Freeport-McMoran cutting its dividend to 5 cents a share from 31 cents a share in response to the impact of lower commodity prices may be understandable, but it is a fairly rare event. Companies do not like to cut their dividends.
If you go back 10 years, you can see how rare dividend cuts are: there have been only 240 cuts, versus 3,683 dividend increases. Of those cuts almost half (110) were in financials, most after 2008.
Many of those dividend cuts from Financials have since been restored, or substantially restored.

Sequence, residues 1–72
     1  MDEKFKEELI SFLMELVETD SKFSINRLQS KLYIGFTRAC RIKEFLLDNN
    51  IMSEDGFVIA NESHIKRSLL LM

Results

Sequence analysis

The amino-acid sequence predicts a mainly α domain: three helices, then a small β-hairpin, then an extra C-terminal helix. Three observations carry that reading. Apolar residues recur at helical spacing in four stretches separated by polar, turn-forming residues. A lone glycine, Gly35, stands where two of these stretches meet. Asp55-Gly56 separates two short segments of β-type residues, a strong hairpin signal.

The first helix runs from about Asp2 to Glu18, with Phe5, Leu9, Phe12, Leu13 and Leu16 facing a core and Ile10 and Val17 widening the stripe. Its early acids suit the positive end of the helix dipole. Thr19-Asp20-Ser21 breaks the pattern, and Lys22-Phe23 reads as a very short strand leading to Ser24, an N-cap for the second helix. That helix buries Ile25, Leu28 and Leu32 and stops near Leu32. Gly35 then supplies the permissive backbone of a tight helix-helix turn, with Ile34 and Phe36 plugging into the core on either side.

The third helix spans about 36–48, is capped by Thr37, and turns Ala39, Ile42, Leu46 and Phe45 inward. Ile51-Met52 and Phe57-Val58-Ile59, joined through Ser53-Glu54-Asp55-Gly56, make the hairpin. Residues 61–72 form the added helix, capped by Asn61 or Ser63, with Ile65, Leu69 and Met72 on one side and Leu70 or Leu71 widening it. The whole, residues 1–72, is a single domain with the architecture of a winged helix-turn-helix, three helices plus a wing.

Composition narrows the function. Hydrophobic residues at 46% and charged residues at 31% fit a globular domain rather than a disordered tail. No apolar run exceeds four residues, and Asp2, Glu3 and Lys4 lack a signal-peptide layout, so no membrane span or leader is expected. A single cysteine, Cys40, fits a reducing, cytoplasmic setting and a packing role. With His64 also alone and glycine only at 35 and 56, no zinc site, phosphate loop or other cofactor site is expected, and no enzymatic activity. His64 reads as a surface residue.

Which brings me to my next point: the big dividend payers. The big three, by dollar value of dividends paid, are:
Biggest dividend payers (S&P 500)
ExxonMobil: $11.6 billion
Apple: $11.0 billion
Microsoft: $10.2 billion
ExxonMobil is going to be the focus of a lot of attention in the next few days. That's because Exxon has raised its dividend in April every year since 2007. Exxon, in fact, has raised its dividend every year for 32 years, but since 2007 it has done so in April.
So with worries about dividend cuts in energy, Exxon will be in the spotlight. They currently pay 69 cents a quarter (a healthy 3.2 percent yield); the Street is certainly expecting them to maintain the dividend, and perhaps increase it modestly. It's likely they will cut capital spending even more before they cut the dividend.